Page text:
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Preserving our history

Wed 16 Apr 2014 In: Our Communities View at NDHA

Do you have pieces of New Zealand’s lgbti history hiding in your home? Or fresh items which could be history in the future? Rather than letting them gather dust, you could give them to the Lesbian and Gay Archive of New Zealand (LAGANZ) to take care of. Curator Linda Evans tells us how LAGANZ works and how you can help. LAGANZ, Te Pūranga Takatāpui o Aotearoa, were at the front of our minds when we heard the sad news that many Homosexual Law Reform documents Fran Wilde was using to a write a book about the period were lost in a blaze at a Wellington storage shed. While LAGANZ will have a lot of the same documents in its collection, curator Linda Evans says Wilde’s papers would have contained a lot of unique material. “But we’ve made an effort to collect a complete set of all the submissions for and against Homosexual Law Reform, for and against civil unions and we’re hoping we’ll be able to get papers around the same-sex marriage act.” The purpose of LAGANZ is to prioritise New Zealand’s gay, bisexual, lesbian, takatāpui and transgender history, and as Evans puts it “also make sure we cover a broad spectrum of the debates and the disagreements, as well as our treatment in society”. She continues: “It’s really important, because it took people, even like me who came out in the 70s, a long time to find information about other lesbians. And to find information about other political campaigns, and so on, so we’ve got to make sure our lives and the ways we lived and our political groups, and our social and cultural groups, that that information is available for people in the future. “It is a really important part of New Zealand society and culture. It’s really important that everyone knows about us too, not just us knowing our own history.” David Hindley's well-known law reform image The LAGANZ Trust’s collections are housed in the Alexander Turnbull Library in Wellington. It takes items which can be looked after in that environment, such as books, magazines and newspapers, posters and fliers, papers from groups and individuals, such as letters, diaries and minutes. Photographs and recordings are another important source. “It’s a really wide range of material. We don’t take that much in the way of three dimensional objects, but we do collect things like buttons and we had a small collection of t-shirts, that kind of thing that is important for our history and our political groups. But we don’t on the whole collect a lot of textiles or a lot of 3D objects,” Evans says. Museums are more likely places for larger lgbt treasures, such as Te Papa’s collection of Carmen’s gowns and the AIDS Memorial Quilt. Evans says LAGANZ works on making sure it’s aware of what is in other collections around the country. If you have items tucked away in your house, or on your computer, which you think would be great for LAGANZ to take care of, you should contact the curators. They’ll ask you for an overview of what you have and seek an assurance you either own it, or have the authority to hand it over. “Then we could go through it together and work out what would be good for LAGANZ to have. If you were offering us, for example, books or magazines, we may already have them. So we wouldn’t normally take many duplicates, although we do keep several copies of any New Zealand item. We’d go through together and work out what we could look after, and what you thought would be appropriate to come in here. We’d also work out whether material would be generally available for people to look at, or whether they’d need permission – for example if you had letters you might want them here for the future, but not want people looking at them right away.” Some of Evans personal favourite items are books and magazines from overseas which were influential in New Zealand, such as the trailblazing Minorities Research newsletter which some lesbians in New Zealand subscribed to in the 60s, and others contributed to. “We’ve got the papers of the Dorian Society which was the first gay club we know of – there were probably plenty of social groups that men had, but they might not have been so consciously formed. This one had a subcommittee which led to the setting up of the Homosexual Law Reform Society in the early 60s, and we’ve got their materials. And the early minutes of the subcommittee which led to the setting up of the law reform society.” Art, posters and lesbian and gay radio programmes from across the country are also in the archives, and buttons which belonged to some of the founding members of the gay liberation movement in New Zealand. “It’s really need when you can have things that are associated with particular people that have been quite influential at the time.” LAGANZ doesn’t just want items from the past either, Evans says. “In addition we want to document the present so records will be available in the future - we are interested in hearing about items such as zines and other contemporary formats for circulating ideas and experiences.” The team is still developing processes for digital preservation, but is very keen to hear if people have digital material they'd like to offer too. Visit the LAGANZ website here for contact details and more information on getting involved   Jacqui Stanford - 16th April 2014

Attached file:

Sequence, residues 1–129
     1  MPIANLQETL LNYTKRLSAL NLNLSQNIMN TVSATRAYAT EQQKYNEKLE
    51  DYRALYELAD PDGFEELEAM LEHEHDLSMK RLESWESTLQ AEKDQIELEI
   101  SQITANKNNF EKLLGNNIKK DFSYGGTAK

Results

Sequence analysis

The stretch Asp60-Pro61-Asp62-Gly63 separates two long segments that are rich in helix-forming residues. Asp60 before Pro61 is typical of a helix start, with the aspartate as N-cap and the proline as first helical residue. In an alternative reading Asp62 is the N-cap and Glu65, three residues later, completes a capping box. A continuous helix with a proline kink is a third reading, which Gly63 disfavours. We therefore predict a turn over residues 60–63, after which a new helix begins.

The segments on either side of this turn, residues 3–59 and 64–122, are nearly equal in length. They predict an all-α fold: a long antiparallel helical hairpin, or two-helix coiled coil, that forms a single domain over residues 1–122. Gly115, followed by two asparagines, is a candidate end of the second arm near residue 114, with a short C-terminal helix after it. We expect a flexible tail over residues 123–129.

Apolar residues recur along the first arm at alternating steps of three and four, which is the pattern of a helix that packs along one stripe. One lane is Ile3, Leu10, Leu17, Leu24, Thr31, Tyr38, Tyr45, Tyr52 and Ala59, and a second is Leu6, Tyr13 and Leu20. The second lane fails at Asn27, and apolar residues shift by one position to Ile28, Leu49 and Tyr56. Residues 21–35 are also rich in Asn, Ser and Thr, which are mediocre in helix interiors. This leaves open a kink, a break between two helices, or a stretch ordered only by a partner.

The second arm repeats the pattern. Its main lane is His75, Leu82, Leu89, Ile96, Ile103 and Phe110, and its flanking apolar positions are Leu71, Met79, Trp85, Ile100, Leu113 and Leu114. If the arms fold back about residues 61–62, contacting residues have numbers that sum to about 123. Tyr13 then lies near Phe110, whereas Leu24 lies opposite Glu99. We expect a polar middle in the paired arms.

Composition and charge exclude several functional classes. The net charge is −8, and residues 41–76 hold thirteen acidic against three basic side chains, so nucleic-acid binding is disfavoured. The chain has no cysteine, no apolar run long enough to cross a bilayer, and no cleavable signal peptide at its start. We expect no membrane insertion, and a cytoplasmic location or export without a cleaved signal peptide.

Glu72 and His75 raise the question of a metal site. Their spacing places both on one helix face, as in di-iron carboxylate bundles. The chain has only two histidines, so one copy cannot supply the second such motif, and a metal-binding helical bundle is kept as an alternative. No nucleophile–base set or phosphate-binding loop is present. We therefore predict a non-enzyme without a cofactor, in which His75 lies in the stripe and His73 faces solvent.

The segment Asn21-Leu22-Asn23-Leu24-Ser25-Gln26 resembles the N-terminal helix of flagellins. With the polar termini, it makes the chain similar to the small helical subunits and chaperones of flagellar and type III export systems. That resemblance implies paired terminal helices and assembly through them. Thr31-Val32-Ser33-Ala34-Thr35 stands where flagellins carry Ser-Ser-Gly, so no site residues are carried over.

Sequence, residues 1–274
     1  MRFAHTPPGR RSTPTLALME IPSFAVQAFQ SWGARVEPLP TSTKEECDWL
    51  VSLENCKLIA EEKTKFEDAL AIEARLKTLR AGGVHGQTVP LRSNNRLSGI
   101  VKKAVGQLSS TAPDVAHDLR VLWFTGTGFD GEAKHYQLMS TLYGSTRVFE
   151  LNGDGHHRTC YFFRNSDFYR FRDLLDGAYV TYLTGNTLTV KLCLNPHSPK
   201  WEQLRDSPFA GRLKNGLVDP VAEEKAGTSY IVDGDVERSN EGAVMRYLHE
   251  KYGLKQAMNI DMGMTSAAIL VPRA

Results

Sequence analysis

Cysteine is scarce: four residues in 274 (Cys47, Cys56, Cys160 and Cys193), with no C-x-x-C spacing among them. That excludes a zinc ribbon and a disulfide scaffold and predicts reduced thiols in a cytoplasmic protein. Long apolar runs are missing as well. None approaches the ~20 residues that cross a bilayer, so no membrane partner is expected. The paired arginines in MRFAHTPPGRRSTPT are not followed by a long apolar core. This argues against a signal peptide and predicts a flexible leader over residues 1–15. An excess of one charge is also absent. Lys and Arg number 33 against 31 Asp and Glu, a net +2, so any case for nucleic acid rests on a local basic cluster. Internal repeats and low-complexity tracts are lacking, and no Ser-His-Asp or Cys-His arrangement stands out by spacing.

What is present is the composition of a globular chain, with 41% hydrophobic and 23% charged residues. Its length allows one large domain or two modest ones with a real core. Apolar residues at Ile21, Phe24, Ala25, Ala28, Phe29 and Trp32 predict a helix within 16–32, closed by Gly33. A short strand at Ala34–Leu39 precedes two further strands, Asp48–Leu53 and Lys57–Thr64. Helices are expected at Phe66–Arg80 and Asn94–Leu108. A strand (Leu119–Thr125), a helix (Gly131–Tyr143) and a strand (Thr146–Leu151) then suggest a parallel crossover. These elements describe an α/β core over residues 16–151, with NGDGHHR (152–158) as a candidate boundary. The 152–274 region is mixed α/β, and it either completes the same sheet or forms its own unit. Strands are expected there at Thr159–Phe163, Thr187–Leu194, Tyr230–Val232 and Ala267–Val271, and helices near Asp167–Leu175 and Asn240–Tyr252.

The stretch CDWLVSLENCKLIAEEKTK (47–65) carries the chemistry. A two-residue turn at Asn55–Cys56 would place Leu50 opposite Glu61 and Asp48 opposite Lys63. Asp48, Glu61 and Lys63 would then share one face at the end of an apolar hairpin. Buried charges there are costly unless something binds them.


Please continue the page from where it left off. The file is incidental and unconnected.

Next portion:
Credit: Jacqui Stanford

First published: Wednesday, 16th April 2014 - 11:27am

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